Astrid Quintero, Tammee M. Parsons, Ralph B. Perkerson III, Marie-Louise Holm, Takahisa Kanekiyo
Dr. Judith D. Ochrietor | College of Arts and Sciences | Department of Biology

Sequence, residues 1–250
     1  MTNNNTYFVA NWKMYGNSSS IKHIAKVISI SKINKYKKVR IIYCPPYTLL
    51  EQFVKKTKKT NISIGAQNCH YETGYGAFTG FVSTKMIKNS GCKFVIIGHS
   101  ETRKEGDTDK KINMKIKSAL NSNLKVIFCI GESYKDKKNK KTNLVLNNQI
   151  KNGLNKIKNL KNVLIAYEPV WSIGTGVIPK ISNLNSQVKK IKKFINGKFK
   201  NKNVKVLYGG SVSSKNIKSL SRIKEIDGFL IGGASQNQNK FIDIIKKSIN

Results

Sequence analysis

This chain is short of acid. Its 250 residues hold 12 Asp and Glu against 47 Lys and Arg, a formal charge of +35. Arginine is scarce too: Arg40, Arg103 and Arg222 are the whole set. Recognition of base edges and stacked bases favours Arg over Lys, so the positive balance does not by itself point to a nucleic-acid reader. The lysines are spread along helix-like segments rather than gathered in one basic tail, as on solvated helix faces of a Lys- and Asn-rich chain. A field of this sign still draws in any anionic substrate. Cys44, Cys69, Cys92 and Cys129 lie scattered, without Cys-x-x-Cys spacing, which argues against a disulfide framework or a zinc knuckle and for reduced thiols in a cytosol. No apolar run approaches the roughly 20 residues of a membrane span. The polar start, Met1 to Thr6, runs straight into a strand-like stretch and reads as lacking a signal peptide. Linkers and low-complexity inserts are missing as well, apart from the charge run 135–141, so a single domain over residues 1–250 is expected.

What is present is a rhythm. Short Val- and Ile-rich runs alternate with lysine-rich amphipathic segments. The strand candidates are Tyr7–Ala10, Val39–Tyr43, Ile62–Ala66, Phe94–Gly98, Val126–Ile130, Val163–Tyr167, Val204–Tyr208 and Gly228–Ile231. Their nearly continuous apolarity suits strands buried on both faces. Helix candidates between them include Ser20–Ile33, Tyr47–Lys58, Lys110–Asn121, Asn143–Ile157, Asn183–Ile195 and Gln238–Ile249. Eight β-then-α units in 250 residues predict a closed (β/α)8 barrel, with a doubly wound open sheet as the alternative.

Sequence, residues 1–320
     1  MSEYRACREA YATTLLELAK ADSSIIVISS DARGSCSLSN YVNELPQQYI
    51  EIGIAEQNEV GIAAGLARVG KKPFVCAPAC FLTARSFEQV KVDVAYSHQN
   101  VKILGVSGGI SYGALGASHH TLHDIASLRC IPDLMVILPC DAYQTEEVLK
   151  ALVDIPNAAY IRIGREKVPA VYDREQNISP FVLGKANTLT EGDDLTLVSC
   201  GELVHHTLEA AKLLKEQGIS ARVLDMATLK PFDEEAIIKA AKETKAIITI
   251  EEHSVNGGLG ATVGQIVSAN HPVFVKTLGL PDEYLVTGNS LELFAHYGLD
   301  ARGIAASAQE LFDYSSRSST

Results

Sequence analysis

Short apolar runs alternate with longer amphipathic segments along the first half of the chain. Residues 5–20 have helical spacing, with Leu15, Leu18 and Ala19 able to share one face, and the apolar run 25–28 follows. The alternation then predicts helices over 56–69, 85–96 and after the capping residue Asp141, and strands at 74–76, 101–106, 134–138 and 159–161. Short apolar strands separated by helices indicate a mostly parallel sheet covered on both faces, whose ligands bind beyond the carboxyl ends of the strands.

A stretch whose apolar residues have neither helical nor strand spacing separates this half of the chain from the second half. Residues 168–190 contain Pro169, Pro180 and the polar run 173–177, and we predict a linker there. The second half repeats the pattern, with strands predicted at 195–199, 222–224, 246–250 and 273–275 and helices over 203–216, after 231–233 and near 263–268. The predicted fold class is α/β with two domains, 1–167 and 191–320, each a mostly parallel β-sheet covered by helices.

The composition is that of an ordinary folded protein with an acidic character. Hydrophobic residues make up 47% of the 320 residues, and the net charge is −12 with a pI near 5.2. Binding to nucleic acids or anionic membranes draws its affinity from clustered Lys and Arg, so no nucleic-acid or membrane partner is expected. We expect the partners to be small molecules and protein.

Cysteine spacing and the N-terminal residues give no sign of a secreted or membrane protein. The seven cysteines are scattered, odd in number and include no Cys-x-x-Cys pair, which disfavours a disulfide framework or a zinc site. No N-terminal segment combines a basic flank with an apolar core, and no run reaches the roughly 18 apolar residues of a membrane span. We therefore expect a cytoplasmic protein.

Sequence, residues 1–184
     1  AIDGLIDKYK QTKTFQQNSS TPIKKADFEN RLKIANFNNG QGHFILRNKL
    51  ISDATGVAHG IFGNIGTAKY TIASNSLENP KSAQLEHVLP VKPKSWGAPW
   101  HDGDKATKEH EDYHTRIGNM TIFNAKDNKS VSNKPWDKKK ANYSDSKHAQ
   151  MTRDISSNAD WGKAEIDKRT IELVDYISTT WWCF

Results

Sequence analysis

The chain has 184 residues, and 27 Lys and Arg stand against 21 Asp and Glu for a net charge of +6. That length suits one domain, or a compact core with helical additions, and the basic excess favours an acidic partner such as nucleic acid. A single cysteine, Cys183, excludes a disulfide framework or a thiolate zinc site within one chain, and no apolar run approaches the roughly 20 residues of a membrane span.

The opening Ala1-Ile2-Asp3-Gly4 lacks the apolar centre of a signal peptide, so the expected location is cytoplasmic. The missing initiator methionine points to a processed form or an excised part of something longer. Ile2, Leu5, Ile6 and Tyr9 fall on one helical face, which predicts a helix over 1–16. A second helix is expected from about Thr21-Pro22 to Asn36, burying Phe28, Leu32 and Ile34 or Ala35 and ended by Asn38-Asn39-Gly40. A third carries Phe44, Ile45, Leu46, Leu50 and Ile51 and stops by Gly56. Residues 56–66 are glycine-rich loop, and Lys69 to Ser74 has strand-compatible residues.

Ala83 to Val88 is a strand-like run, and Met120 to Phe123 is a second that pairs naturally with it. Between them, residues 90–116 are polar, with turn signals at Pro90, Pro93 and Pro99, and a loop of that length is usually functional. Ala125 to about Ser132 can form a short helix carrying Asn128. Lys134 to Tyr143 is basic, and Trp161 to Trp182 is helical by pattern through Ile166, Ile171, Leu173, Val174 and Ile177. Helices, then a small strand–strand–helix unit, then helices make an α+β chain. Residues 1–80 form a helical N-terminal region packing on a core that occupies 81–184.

Adult stem cells represent self-renewing, multipotent cells that are capable of producing mature cells of another tissue through differentiation. Stem cells can be sourced from a variety of tissues such as bone marrow, adipose tissue, and cord blood. Bone-marrow derived mesenchymal stem cells (BM-MSC) have the ability to differentiate, lack of ethical concerns, no teratoma potential, easily cultured and expanded ex vivo, and are immunomodulatory via paracrine effects. Thus, BM-MSCs have been actively used as a therapeutic agent in a variety of clinical trials to treat diverse diseases including neurological diseases, cardiovascular diseases, hepatic diseases, lung injury, renal failure, cancers, wound healing and infections. However, concerns have been raised related to high cell population heterogeneity, poorly understood homing capabilities, and a tendency to lose biological functions in vitro with each passage. Recently, induced pluripotent stem cells (iPSCs) have emerged as a new class of stem cells with greater versatility. iPSC technology allows for potential treatment of any degenerative diseases or injury due to the pluripotent potentials and unlimited manufacturing. In this study, we established a method to generate iPSC-derived MSCs (iMSCs). The International Society for Cellular Therapy (ISCT) have imposed several criteria for MSCs, which include 1) plastic adherence, 2) stable expression of CD90, CD105, and CD73 cell surface markers, and 3) ability to differentiate into adipocytes, chondrocytes, and osteoblasts. Our results demonstrated that iMSCs have similar property to that of BM-MSCs by satisfying the criteria. Future directions include creating clinical grade iMSCs which can be used for future regenerative therapies.